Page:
Integration of the CMOS structures with the black silicon elements is possible because the manufacturing methods for the black silicon layer are compatible with state-of-the-art CMOS processes, and the low bias voltages (e.g., 3V) are compatible with CMOS wafer voltage ranges. Such an active pixel device layout is particularly beneficial for applications such as CT, where there are often many hundred small pixels (about 1 mm2 or smaller) integrated in one detector module. Integration of the CMOS structures with the photodetector elements allows the digitization of the analog detector response to be performed on the substrate itself without need of requiring further electronics. Components integrated in the CMOS parts of the wafer may, for example, include a preamplifier, signal shaper, analog-to-digital converter, comparator, and/or pulse counter.
As illustrated in FIG. 8, for the detection of blue scintillation light (such as the 420 nm cerium doped lutetium oxyorthosilicate (LSO) emission currently used in PET detectors or the 410 nm sodium iodide (Nal) emission used in SPECT cameras), it may be beneficial to use a wavelength shifting layer 801 with high conversion efficiency in between the scintillator 301 and the black silicon detector 303 to shift the light from blue to green, red, or even infrared emission, where the quantum efficiency of the black-silicon diode is high. Although shown in FIG. 8 with a scintillator and black silicon detector such as those in the embodiment of FIG. 3, wavelength shifting layer 801 may be employed between the scintillator and black silicon detector in any of the embodiments of FIGS. 3 through 7. The wavelength shifting layer may itself be structured into pixels or sub-pixels by optically separating elements such as septa, air gaps or internal interfaces.
Adverting to FIG. 9, a PET or SPECT detector is illustrated with a pixellated scintillator block 901, a wavelength shifting layer 903, which also acts as a light guide to mix the spatial profile for each crystal emission, and an array of black silicon detectors 311 to detect the red-shifted light. In this exemplary embodiment, the number of black silicon diodes 311 is smaller than the number of scintillator crystals 905, as the gamma-ray position is obtained by using the Anger principle and pixel position look-up tables. It should be noted that the wavelength shifting and the light mixing functionalities of wavelength shifting layer 903 may be split between two different optical layers sandwiched on to of each other.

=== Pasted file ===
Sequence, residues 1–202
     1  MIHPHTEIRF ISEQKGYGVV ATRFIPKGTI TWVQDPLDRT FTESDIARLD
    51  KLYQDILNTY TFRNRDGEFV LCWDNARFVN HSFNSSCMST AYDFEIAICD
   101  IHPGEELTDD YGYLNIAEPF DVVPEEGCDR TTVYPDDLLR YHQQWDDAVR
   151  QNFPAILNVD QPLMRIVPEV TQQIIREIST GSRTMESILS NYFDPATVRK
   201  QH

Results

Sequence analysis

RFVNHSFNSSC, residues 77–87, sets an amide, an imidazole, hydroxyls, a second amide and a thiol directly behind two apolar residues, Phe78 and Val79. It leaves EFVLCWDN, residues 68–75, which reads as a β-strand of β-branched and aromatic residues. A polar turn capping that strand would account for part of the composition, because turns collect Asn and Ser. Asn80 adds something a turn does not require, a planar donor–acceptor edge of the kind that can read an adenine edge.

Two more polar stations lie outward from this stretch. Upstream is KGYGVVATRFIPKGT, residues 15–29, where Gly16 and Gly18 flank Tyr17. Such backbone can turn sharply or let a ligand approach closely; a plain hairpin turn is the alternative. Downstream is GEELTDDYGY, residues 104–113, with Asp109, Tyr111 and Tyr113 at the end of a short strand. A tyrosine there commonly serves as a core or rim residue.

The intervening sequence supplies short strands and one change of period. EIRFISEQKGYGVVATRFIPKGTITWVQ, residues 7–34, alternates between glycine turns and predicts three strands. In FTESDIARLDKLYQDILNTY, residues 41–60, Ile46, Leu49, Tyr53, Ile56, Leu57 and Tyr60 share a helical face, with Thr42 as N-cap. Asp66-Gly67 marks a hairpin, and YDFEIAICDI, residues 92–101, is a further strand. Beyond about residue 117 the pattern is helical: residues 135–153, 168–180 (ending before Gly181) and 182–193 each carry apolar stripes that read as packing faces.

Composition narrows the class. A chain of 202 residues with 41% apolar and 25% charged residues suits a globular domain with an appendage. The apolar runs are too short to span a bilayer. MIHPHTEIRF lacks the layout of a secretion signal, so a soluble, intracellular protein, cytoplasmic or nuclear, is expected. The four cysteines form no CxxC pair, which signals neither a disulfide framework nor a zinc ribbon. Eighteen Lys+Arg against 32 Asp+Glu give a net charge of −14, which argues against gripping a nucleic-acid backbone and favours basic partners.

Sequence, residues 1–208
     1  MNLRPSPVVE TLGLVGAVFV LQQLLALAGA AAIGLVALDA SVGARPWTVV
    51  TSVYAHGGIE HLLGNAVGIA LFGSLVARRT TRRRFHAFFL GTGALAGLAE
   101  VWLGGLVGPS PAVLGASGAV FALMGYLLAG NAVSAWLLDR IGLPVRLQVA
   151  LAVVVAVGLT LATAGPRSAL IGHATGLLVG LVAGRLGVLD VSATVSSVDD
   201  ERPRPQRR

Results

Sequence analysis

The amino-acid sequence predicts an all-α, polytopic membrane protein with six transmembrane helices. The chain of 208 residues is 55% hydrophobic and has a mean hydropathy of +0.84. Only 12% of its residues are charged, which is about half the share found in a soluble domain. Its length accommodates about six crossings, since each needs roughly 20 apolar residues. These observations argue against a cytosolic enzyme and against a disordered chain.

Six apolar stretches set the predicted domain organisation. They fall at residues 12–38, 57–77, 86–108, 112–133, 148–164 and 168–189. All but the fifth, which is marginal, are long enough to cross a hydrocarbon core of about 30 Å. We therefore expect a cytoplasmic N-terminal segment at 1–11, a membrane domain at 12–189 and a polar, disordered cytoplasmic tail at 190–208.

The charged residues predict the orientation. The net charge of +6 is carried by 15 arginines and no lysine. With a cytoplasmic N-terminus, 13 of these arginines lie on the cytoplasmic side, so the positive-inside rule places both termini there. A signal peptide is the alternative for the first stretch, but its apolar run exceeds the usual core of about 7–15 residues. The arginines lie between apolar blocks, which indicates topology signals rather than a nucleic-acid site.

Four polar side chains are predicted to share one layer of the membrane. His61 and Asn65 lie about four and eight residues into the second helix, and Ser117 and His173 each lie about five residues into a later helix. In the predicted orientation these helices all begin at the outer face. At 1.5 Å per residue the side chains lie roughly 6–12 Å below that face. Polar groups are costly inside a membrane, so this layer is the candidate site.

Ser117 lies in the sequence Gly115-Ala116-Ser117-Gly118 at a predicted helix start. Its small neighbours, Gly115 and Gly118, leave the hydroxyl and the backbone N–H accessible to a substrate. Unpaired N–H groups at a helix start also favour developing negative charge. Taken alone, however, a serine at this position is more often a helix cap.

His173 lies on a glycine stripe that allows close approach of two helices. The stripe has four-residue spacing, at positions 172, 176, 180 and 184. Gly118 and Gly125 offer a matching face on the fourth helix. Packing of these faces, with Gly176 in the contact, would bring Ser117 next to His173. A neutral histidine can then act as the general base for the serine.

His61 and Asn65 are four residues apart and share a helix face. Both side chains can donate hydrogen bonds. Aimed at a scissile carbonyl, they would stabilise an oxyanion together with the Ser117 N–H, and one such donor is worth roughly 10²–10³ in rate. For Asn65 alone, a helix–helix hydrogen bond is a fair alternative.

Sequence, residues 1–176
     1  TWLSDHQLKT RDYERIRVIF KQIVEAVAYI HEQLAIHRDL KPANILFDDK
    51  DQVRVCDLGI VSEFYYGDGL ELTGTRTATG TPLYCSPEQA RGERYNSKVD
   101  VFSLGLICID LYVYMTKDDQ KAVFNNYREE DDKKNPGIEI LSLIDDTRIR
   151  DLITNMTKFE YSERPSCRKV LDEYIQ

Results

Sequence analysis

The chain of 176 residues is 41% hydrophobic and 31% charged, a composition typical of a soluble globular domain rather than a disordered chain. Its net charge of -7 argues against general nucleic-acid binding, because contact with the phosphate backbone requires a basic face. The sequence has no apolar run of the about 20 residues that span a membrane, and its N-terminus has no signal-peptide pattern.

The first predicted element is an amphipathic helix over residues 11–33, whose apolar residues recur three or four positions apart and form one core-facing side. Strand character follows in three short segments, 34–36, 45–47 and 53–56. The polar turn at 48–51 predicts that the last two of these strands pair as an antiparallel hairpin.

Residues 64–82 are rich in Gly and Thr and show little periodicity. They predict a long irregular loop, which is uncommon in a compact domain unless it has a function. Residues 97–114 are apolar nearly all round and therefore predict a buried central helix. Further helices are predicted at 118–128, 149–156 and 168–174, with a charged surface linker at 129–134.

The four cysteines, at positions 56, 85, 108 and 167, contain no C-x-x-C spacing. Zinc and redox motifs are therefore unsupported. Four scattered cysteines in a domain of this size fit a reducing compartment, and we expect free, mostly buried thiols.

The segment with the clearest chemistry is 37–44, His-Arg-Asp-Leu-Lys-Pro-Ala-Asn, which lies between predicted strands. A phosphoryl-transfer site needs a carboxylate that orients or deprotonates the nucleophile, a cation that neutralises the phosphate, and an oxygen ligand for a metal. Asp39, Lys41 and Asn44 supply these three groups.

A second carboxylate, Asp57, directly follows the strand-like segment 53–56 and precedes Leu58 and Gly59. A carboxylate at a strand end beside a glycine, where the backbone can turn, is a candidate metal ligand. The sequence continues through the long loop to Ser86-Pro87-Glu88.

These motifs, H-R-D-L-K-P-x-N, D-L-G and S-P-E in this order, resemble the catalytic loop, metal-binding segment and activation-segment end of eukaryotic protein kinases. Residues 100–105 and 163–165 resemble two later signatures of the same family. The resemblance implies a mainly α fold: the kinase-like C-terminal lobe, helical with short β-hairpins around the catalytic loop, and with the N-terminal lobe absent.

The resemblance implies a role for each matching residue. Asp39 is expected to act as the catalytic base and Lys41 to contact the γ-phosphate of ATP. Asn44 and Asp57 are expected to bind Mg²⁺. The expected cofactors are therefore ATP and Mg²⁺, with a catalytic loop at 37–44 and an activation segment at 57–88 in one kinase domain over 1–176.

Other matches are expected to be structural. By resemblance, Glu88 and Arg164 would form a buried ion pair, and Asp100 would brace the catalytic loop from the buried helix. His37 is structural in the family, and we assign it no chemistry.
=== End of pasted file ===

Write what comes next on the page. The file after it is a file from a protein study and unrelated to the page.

Two further exemplary embodiments are illustrated in FIGS. 10 and 11. FIG. 10 includes a highly pixelized scintillator array 1001 with scintillator elements 1003, whereas FIG. 11 includes a scintillator slab 1101 with virtual optical cells 1103, coupled. In FIG. 10, scintillator 1001 is coupled to a monolithic black silicon 3D detector 1005, and in FIG. 11, scintillator 1101 is coupled to monolithic black silicon 3D detector 1105. In FIG. 10, the number of diode elements is higher than the number of scintillator elements (or sub-pixels). This configuration allows over-sampling the black silicon diodes while still allowing clear identification of the impinged scintillator element, in case of optical cross talk between scintillator elements, and provides sub-pixels for each scintillator element allowing high photon flux counting capability. The configuration illustrated in FIG. 11 has a higher number of scintillator elements or virtual cells than black silicon elements. The virtual crystals may also be described as (but not limited to) sub millimeter fiber bundles or needle like crystal structures, which provide directed optical pathways within the scintillator. The spatial resolution of such a detector will be dominated by the black silicon diode dimension.
Embodiments of the present disclosure, using a black silicon photodetector in a scintillator based detector module to measure X-rays and gamma rays for medical imaging, have several advantages which address different needs for Angiography, Fluoroscopy, Radiographic Systems, CT, PET, SPECT, or combined PET/CT, SPECT/CT, or PET/SPECT detectors. Specifically, the disclosed embodiments can achieve several technical effects, including providing a high absorption of visible photons, due to a high quantum efficiency of the detector and, in turn, to good quantum statistics and improved energy resolution in a pulse-counting detector or, alternatively, an improved signal-to-noise ratio in a charge-integrating detector. Also, a photoconductive gain of the order of several hundred or thousand can be achieved, which improves the signal-to-noise level by amplifying the signal even before the actual read-out circuit and reduces the needed level of further amplification. In addition, the gain is achieved at low bias voltages (in contrast to avalanche photodiodes), which enables a compatibility with CMOS structures on the same wafer. This can give rise to highly integrated, active pixel designs, which are particularly suitable for high count-rate applications, using very small sub-pixel sizes and a digital processing of the sub-pixel outputs to yield an overall pixel signal. The present disclosure enjoys industrial applicability in various medical imaging devices.
In the preceding description, the present disclosure is described with reference to specifically exemplary embodiments thereof. It will, however, be evident that various modifications and changes may be made thereto without departing from the broader spirit and scope of the present disclosure, as set forth in the claims. The specification and drawings are, accordingly, to be regarded as illustrative and not as restrictive. It is understood that the present disclosure is capable of using various other combinations and embodiments and is capable of any changes or modifications within the scope of the inventive concept as expressed herein.